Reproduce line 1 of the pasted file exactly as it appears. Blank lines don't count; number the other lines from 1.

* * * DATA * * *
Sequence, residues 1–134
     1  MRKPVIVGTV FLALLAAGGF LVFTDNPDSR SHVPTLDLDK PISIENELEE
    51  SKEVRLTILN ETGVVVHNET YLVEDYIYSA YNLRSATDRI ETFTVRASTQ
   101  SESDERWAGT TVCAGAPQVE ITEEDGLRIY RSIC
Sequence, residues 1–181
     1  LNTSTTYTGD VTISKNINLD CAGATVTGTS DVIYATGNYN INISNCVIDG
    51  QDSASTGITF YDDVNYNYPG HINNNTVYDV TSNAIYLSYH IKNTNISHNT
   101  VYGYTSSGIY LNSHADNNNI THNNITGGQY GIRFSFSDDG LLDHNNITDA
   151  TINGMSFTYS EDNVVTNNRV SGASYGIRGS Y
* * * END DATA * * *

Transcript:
Sequence, residues 1–134